Retirees Beware: The Surprising Tax Bite on Your Social Security Benefits

chuckstock /
chuckstock /

As you enjoy your golden years, understanding the tax implications of your Social Security benefits is crucial. While many retirees believe Social Security benefits are entirely tax-free, this isn’t always the case. The maximum amount that can be withheld from Social Security benefits in the US is 85% by the federal government. These include retirement, survivor, and disability payments (but not Supplemental Security Income).

Understanding Your Tax Liability
Having a large amount of taxable income from other sources, such as a job, pension, or conventional IRA, makes it more likely that your Social Security benefits will be taxed. However, if your only income is from Social Security, you may not owe federal income taxes on your benefits.

Each year, you’ll receive a Form SSA-1099 in January detailing the total benefits you received in the previous year. To assess whether your Social Security payments are taxable, you must compute your “combined income,” which comprises your adjusted gross income (AGI), nontaxable interest, and half of your benefits. After applying certain deductions and exclusions, you’ll fall into one of three tiers:

1. Tax-Free Benefits: Social Security benefits are not taxed for individuals or couples making less than $25,000 or $32,000 a year.
2. Approximately 50% of your benefits are taxable: If you earn $25,000 or more (single) or $32,000 or more (jointly).
3. Taxable at up to 85% if your combined income exceeds $34,000 (single filers) or $44,000 (joint filers).

Managing Tax Payments
If you want to avoid paying too much in taxes, you can ask the Social Security office to take federal income tax out of your Social Security funds by sending them Form W-4V. You could also pay a portion of your taxes every three months to include them in your monthly bills and avoid penalties for not paying enough.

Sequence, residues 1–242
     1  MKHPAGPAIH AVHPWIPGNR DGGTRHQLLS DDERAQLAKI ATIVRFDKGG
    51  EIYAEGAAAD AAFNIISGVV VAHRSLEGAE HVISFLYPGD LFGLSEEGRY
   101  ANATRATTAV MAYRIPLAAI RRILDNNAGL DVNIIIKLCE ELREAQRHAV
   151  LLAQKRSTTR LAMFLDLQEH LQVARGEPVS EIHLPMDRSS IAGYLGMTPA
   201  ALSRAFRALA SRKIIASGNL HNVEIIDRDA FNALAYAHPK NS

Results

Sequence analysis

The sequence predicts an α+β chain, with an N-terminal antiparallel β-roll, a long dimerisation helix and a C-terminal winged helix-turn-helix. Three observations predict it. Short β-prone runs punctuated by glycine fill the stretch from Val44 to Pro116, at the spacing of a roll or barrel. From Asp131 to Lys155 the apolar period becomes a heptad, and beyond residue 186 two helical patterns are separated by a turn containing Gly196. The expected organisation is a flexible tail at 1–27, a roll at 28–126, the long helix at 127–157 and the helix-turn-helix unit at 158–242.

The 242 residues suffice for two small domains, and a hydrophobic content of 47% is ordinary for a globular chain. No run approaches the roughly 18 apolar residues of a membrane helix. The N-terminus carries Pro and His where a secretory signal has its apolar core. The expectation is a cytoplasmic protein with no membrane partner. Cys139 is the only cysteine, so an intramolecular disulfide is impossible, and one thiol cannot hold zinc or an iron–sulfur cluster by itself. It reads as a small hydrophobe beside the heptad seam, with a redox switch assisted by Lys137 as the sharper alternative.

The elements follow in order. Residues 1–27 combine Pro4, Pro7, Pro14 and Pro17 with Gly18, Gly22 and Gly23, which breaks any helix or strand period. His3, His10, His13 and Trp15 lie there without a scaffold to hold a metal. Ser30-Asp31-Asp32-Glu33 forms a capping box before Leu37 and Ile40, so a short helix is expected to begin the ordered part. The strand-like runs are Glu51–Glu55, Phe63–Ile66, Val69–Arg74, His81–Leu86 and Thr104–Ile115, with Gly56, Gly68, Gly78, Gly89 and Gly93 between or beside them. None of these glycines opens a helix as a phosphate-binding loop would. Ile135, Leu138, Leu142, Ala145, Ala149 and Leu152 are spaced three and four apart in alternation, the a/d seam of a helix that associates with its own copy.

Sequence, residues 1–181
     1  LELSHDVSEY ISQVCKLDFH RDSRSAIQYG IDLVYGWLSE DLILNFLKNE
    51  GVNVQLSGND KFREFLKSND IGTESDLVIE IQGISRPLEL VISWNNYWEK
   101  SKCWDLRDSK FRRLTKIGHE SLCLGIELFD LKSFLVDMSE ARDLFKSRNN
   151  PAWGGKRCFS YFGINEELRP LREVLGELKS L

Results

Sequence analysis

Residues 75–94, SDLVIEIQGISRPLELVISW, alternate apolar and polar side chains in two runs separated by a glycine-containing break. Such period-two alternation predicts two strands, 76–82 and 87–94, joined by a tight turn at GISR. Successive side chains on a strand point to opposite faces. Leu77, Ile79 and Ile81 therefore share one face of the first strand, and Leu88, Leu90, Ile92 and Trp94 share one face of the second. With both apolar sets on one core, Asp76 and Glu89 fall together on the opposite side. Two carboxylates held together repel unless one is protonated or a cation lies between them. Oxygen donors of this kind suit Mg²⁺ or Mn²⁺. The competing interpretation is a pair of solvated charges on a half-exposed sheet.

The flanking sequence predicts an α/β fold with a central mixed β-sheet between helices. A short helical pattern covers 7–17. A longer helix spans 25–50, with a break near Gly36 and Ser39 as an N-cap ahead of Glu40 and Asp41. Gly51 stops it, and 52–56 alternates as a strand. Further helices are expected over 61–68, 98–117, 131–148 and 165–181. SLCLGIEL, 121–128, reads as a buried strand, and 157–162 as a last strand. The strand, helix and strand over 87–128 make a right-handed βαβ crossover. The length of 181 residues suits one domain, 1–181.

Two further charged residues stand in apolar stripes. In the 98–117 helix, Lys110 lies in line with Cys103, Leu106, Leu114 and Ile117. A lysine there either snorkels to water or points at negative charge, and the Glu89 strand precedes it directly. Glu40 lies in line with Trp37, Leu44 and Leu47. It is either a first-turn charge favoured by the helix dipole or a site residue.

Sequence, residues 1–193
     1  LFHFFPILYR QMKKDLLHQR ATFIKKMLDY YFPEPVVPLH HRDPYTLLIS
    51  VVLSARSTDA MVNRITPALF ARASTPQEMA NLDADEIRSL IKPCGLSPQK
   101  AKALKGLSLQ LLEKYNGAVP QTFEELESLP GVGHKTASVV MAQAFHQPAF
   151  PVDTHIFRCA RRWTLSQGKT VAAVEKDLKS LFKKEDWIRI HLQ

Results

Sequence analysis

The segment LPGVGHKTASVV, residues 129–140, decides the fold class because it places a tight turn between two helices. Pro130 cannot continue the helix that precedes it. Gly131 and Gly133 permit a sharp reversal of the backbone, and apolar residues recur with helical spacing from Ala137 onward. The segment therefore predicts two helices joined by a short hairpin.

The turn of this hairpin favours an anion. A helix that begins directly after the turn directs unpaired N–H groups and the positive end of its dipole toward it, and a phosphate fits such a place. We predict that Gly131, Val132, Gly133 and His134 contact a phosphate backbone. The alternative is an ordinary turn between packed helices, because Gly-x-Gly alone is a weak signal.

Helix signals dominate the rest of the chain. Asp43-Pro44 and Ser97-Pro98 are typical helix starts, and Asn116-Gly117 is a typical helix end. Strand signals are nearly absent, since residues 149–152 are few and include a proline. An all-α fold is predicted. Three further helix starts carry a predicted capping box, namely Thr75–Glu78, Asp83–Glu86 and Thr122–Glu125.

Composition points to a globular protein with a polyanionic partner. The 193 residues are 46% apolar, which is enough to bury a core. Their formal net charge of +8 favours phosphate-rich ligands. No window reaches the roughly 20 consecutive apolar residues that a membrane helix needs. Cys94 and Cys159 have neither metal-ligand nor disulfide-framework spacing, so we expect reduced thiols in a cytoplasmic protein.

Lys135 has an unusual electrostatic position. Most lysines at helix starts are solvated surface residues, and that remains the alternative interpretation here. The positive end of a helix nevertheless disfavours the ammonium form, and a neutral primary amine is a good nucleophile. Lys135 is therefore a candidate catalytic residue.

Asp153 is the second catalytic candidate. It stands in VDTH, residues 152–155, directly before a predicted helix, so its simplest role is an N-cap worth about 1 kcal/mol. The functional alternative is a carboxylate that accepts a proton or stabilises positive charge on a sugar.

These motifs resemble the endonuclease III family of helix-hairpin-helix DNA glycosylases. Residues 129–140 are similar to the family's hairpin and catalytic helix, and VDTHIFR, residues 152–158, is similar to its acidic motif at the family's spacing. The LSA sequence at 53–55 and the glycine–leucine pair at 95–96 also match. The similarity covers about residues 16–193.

State Taxes on Social Security Benefits
Some states tax Social Security benefits in addition to federal taxes. The ways and amounts of taxation change from state to state. For example, New Mexico taxes Social Security payments but lets people with higher incomes avoid paying those taxes. Missouri doesn’t tax Social Security benefits for people who file as single people and make less than $85,000 or $100,000 a year. This will end in 2024 when the state will no longer tax all Social Security retirement benefits.

What This Means for Gift Tax Limitations:
The government gifting tax, anywhere from 18% to 40%, is charged on all gifts and donations made during the year. This tax typically falls on the giver, but the recipient or the giver’s estate might bear this responsibility under certain circumstances. The tax encompasses more than just cash; it includes real estate, vehicles, forgiven debts, insurance policy benefits, and stock transfers. The value of these gifts is based on their fair market value at the time of the gift.

The 2023 Gift Tax Exclusion for Reference
In 2023, the annual gift tax limit was $17,000 per recipient, with a combined limit of $34,000 for married couples. These are the figures to refer to when filing taxes for the 2024 tax season.

Exceeding the Gift Tax Limit: What Happens?
If your generosity exceeds the annual gift tax limit, you may need to file a federal return using IRS Form 709. But if you exceed the monthly limit, you don’t have to pay tax immediately because of the large lifetime estate and gift tax exemption. For 2024, this exemption stands at $13.61 million (double for married couples), shielding most people from federal gift tax. Only when your cumulative gifts exceed this lifetime limit does the actual gift tax come into play.

Future Changes to the Lifetime Gift Tax Exemption
Looking ahead to 2026, the lifetime estate and gift tax exemption is expected to be halved and adjusted for inflation. This reduction could significantly impact wealthy individuals with large estates, potentially subjecting gifts made in 2026 and beyond to up to 40% gift tax. Gifts made before 2026, however, benefit from the current higher exemption.

Planning for a Tax-Efficient Retirement
Understanding and planning for taxes on your Social Security benefits is essential to retirement planning. You can also effectively manage your tax liabilities and maintain a comfortable retirement lifestyle by staying informed and making sound decisions.

Remember that everyone’s tax situation is different, so getting personalized help from a tax expert is always a good idea. Doing so can ensure you’re maximizing your retirement income and minimizing your tax burden.